Many lack flu shots

Problems delay shipment of vaccine, manufacturers say

`A terrible thing'

Officials wanted high-risk patients immunized by Nov. 1

November 12, 2001|By Frank D. Roylance | Frank D. Roylance,SUN STAFF

Delayed deliveries of influenza vaccine to primary care physicians may be increasing the risks to elderly or chronically ill patients, public health officials are warning.

"They need to be vaccinated immediately. They should not wait around," said Greg Reed, program manager at the state health department's Center for Immunization

Those high-risk patients should have been vaccinated by Nov. 1, Reed said. If their doctors are unable to get the vaccine for them, they should go to commercial flu clinics or, if they can't afford the private clinics, call their local health departments.

The federal Centers for Disease Control and Prevention says there should be no shortage of flu vaccine this year. Three drug makers are expected to produce at least 85 million doses before the season ends, up from about 70 million doses last year. But production difficulties have forced manufacturers to ship vaccines late, or in small batches.

Some doctors have turned to middlemen, who charge far more than the manufacturers' rates. "It's certainly been frustrating to patients, and physicians and their staffs," said Dr. Alan Baldanza of Cockeysville, a private physician who said he has been able to purchase only a single vial of flu vaccine - 10 doses - for his patients.

Instead of coming to him, his high-risk patients are going to flu clinics at grocery stores, which seem to have an ample stock.

"One of my patients said her mother had to stand on line for two hours before she got the shot," he said. "And I'm sure there were some who can't stand in line for two hours and didn't get the shot. It's kind of crazy."

Dr. Barbara G. Cook, vice president of medical affairs at Johns Hopkins Community Physicians, said her offices in the Baltimore region received only a quarter of their 14,000-dose vaccine order in September, then ran out. Another 30 percent arrived last month and was used quickly.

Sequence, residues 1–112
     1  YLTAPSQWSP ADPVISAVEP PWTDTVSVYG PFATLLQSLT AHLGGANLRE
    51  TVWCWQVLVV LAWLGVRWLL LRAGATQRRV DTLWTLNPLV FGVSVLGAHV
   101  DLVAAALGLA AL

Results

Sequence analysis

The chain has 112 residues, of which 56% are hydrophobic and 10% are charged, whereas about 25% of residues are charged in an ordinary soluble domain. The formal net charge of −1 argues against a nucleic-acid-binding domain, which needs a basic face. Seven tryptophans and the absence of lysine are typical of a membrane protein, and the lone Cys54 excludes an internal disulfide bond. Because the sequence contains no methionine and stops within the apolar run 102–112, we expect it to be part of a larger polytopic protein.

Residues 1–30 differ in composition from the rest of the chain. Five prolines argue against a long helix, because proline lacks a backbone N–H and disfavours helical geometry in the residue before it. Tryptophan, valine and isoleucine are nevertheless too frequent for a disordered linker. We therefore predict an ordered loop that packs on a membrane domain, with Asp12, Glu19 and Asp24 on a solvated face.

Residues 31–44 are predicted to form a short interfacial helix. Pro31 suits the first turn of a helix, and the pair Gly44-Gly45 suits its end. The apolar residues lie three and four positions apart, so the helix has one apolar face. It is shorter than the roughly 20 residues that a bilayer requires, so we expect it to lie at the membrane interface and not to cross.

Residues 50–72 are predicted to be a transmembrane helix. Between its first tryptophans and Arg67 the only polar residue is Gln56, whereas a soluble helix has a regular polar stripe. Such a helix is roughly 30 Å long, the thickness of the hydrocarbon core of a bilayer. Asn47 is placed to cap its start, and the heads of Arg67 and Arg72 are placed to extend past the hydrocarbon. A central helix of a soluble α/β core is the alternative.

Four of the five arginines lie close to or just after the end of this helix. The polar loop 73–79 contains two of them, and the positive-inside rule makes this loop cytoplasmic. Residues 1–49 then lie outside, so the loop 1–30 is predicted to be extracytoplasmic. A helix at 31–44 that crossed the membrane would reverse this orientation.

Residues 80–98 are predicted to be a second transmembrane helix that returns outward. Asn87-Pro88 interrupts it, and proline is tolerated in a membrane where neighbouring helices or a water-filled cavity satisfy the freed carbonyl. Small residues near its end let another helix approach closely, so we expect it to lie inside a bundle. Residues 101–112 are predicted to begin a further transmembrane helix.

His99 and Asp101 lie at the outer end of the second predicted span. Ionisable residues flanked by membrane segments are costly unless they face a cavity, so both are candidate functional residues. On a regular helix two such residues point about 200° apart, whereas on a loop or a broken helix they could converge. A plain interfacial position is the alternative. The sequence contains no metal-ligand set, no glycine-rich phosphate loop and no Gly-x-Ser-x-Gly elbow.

That left about half of her high-risk patients unvaccinated more than a week after the Nov. 1 target date. "It is a terrible thing to do to patients that have these chronic diseases," she said.

Cook also has been unable to get any vaccine from the state's Vaccines for Children program, which serves children from low-income families who have chronic illnesses. She said her East Baltimore office has 2,000 qualifying children on record, but that none has been vaccinated.

Reed, of the Center for Immunization, said that program recently received its first 17,000 doses. Manufacturers say this year's vaccine production has been slowed by technical challenges and the withdrawal of one of last year's manufacturers. Natalie DeVane with Wyeth Lederle Vaccines said her company couldn't begin shipping vaccines until late last month.

The city Health Department had placed its entire flu vaccine order with Wyeth, said Assistant Health Commissioner Dr. Lisa Firth. When the vaccines didn't arrive in time, the city turned to a broker and paid "several multiples" of Wyeth's price, she said.

Aventis Pasteur, which produces more than half the nation's flu vaccine, says it has cut the amount of flu vaccine it sells to middlemen to discourage price gouging.

"We certainly don't condone those practices," said Aventis spokesman Len Lavenda.

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